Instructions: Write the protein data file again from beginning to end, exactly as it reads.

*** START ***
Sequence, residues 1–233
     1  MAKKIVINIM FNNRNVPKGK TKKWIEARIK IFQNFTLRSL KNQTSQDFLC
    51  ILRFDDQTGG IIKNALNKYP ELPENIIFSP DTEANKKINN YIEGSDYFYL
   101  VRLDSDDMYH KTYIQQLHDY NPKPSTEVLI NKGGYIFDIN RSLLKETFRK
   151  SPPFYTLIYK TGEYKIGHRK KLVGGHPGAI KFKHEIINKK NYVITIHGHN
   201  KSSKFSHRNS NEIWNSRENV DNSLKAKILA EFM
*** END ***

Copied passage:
Sequence, residues 1–233
     1  MAKKIVINIM FNNRNVPKGK TKKWIEARIK IFQNFTLRSL KNQTSQDFLC
    51  ILRFDDQTGG IIKNALNKYP ELPENIIFSP DTEANKKINN YIEGSDYFYL
   101  VRLDSDDMYH KTYIQQLHDY NPKPSTEVLI NKGGYIFDIN RSLLKETFRK
   151  SPPFYTLIYK TGEYKIGHRK KLVGGHPGAI KFKHEIINKK NYVITIHGHN
   201  KSSKFSHRNS NEIWNSRENV DNSLKAKILA EFM